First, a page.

This fall, the Indonesian island of Sulawesi experienced a series of tragedies that became one of the worst natural disasters to hit the country in over a decade.

During the evening rush hour of September 28, 2018, a 7.5 magnitude earthquake struck the island. This triggered a tsunami that reached heights of 50 feet in places and tore through the provincial capital of Palu. The earthquake was so strong that it led to the soil liquefaction under many people’s homes.

Before and after satellite images of Petabo, Palu City, Central Sulawesi, Indonesia

The culmination of these three natural disasters led to more than 2,100 deaths, possibly thousands still missing and over 200,000 people became refugees as a result of this disaster. Soon after the earthquake struck, a volcanic eruption of Mount Soputan (as seen below), further complicated the already confusing relief efforts.

Footage of devastation:

The Recovery

The federal government and Indonesian military immediately sprung to action. However, much of the efforts in Sulawesi were organized by local NGOs, civil society organizations and the local government. The relief effort was fragmented and chaotic in the immediate aftermath of the earthquake and tsunami, with communications being down in many parts of the island.

Earthrise Media, a San Francisco-based NGO, had been working with several fisheries NGOs in Indonesia when the earthquake struck. These NGOs asked Earthrise Media for assistance. Earthrise tried to coordinate relief efforts, however, they were unable to ascertain the conditions of roads around the provincial capital in Palu.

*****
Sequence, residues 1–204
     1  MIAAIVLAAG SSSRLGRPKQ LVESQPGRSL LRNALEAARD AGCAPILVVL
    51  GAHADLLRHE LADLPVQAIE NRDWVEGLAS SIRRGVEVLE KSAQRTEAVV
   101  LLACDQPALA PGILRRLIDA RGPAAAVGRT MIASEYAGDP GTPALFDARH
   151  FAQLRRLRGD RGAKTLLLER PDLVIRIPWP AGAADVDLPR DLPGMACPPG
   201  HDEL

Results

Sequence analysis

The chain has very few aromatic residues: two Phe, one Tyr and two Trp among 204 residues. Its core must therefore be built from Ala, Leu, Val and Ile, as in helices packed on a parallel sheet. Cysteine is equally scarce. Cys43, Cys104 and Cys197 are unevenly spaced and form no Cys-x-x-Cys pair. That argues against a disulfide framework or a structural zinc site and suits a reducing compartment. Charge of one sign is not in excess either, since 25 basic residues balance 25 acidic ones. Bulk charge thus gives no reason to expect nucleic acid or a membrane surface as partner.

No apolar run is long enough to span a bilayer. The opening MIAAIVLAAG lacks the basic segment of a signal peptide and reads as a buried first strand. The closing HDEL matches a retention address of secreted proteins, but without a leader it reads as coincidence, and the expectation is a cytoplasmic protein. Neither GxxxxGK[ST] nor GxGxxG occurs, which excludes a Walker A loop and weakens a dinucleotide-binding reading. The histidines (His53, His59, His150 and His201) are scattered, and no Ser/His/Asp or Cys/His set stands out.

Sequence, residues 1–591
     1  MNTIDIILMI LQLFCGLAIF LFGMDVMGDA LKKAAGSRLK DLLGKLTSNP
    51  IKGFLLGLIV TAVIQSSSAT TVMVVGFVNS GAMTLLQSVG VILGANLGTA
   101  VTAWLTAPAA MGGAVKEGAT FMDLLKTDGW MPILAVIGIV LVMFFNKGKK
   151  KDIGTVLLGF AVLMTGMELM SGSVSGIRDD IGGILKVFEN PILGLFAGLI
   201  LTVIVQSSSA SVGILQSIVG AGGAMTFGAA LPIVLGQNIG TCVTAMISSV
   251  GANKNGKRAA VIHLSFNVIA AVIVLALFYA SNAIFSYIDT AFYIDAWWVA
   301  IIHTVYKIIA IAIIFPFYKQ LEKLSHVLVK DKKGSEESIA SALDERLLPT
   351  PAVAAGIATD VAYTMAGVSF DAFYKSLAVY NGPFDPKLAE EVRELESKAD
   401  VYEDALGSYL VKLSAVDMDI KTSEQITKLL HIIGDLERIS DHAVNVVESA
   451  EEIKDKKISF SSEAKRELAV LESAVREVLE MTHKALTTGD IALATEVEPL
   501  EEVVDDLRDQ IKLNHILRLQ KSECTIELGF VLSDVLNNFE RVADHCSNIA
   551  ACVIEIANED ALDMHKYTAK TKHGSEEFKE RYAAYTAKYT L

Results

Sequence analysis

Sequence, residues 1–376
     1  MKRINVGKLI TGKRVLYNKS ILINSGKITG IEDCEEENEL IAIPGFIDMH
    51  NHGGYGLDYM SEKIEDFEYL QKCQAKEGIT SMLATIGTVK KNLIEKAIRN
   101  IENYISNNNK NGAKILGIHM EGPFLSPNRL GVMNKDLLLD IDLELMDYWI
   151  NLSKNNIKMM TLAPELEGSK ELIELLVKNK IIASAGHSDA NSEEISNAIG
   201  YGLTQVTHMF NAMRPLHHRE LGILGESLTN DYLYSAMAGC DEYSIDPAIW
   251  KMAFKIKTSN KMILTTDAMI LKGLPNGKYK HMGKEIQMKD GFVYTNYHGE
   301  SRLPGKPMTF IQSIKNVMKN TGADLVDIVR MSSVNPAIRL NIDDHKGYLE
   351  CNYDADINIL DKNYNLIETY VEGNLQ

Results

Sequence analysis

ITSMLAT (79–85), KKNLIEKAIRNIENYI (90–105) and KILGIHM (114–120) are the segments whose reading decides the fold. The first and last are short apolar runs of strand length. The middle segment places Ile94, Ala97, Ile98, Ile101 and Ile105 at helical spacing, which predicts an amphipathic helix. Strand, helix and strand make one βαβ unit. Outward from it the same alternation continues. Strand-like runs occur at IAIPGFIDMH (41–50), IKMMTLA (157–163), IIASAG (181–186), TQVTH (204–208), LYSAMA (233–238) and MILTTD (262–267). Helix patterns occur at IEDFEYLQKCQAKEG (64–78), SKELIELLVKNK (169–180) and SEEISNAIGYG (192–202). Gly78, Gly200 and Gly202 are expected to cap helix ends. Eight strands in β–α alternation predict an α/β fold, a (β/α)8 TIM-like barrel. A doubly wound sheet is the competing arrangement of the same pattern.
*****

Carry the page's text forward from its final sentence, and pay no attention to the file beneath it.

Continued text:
Earthrise contacted Maxar, which provides satellite imagery to front line relief workers through its Open Data Program. Maxar confirmed they had released pre- and post-event imagery of the affected areas, so Earthrise helped the NGOs to reach their objectives with the imagery:

  1. Locate where families were potentially trapped or waiting for relief.
  2. Determine which transportation routes were still open.
  3. Identify safe sources of drinking water.

Earthrise’s analyst, Ed Boyda (seen above), used Maxar’s satellite imagery to map these objectives and provide analysis for the local NGOs. Because of unreliable power and internet connectivity, the on-the-ground organizations printed out these maps to help guide and coordinate the local relief efforts.


As a result of using Maxar’s satellite imagery, the local NGOs in Palu were able to:

  • Rescue people from collapse buildings
  • Bring food and medical supplies to shelters for people who lost their homes
  • Identify blocked roads and direct efforts to clear them, improving transportation in the area
  • Open new water sources for residents

Gathering this information through a traditional on-the-ground survey would have taken months, if not been impossible. The annotated satellite imagery maps empowered the local first responders to get help to their fellow citizens faster and more efficiently. This use case highlights the importance of Maxar’s satellite imagery being made available quickly through the Open Data Program and to partners who help extract the geospatial insights available inside the imagery.

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